Besides exploration and talking to NPCs, the gameplay revolves primarily around combat. Veterans of the series will feel right at home with the traditional turn-based battles, whilst newcomers will find an accessible and user-friendly learning curve. The combat appears simple on the surface and easy at first, but as players dig further into the game, they will uncover a lot of depth in the customisation via a skill grid, character swapping during combat, Pep Powers, and difficult encounters later on. Players can, for instance, take a character like Rab and specialise him into a powerful spellcaster, or a martial artist who is more likely to dish out critical hits with claws. Furthermore, players can team certain characters together to pull off coordinated special Pep Power attacks, which can offer extremely beneficial effects or deal devastating damage. This customisation extends to all characters, making them as useful as the player desires, up to the point where the toughest decision boils down to how to distribute their skill points, or who to put in the party or keep in reserve. Each character can be built to bring their own set of skills to the battle, and no single character need solely specialise in a fighter or caster class.
As for content, the original PlayStation 4 and PC versions had their robust share, but the Switch version adds so much that it renders the other versions as a downgrade in playability. Players can speed up battles, skip cutscenes, switch to Japanese voices, access photo mode, use the Fun-size Forge any time and anywhere, and even purchase ingredients whilst crafting. There are more character costumes, and players now have the option to display them without equipping the appropriate gear as long as they have the required items. One major addition, the new character storyline quests, adds new flavour to the adventure and fills in some story gaps; one particular story is even heartbreaking to watch whilst another offers a humorous, lighthearted change of pace. Another welcome addition is the new companion option, which allows players to choose a live-in companion from a list of candidates, as opposed to the original where they could only marry one particular character.
One of the main criticisms aimed at the original release of Dragon Quest XI was the synthesised soundtrack, especially considering how it paired up poorly with the rest of the game. The Switch edition addresses this by adding symphonic music, giving the option to change back to the synthesised versions at any time. The orchestrated tracks sounds much livelier and dynamic; so much, in fact, that the default setting tends to drown out the dialogue during cutscenes. Fortunately, this is a simple fix as players can adjust the volume levels of the music and sound effects. The musical tracks complement each setting appropriately, and fans of the series will recognise returning tracks from previous Dragon Quest games, revised and orchestrated.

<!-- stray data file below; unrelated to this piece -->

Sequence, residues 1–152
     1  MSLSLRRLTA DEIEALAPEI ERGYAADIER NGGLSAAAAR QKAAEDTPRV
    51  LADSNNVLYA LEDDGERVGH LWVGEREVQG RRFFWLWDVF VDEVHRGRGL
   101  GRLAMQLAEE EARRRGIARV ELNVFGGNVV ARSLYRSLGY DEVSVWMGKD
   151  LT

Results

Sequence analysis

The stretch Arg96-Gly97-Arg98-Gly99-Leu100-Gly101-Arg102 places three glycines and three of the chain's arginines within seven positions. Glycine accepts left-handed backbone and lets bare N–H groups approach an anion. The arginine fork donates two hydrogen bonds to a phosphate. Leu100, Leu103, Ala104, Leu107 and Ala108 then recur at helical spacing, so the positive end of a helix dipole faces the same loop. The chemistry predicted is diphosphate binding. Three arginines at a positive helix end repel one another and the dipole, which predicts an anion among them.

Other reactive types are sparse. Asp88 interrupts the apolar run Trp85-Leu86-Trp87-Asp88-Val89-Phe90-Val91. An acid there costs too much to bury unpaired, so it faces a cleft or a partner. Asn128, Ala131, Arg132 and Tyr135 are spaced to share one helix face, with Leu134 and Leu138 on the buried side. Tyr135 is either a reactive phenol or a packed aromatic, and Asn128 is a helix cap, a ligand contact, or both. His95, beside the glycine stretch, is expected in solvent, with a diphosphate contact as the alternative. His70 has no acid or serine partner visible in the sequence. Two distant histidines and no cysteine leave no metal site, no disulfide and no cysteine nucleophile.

In addition to having the symphonic versions of each track, the Switch version also includes many tracks from previous Dragon Quest games in the Tickington quests, including the chiptune tracks from the 8-bit era. Dragon Quest VIII music also returns as an option in lieu of the Dragon Quest XI overworld music. Since this is such a long game, players will be grateful for the option, because the overworld theme of XI happens to be one of the weakest of the entire series, and it loops after a minute or so. Thus, players will hear the same track through countless hours and locations. This new option staves off the staleness, at least until later in the game when the Dragon Quest III overworld theme replaces it.
Dragon Quest XI S is a game for both long-time fans and newcomers alike. There are many Easter eggs and references to past Dragon Quest games that will subtly reward fans, but at the same time, the charming world of Erdrea and its characters are appealing to newcomers of all ages. Even those who have played the previous versions of Dragon Quest XI may find the vast improvements of the Switch version compelling enough for another round, especially with the Tickington quests, new character content, and marriage options. This game is a masterpiece, and it sets a new high standard for not only the series, but console RPGs in general. Hopefully the series will continue outdoing itself with further instalments.
Disclosure: This review is based on a free copy of the game provided by the publisher.
Gorgeous, colourful world
Beautiful symphonic soundtrack
Moving story and great cast of characters
2D mode offers a whole different experience
Solid, traditional gameplay
Font size is very small on the undocked Switch screen
Overworld theme is too repetitive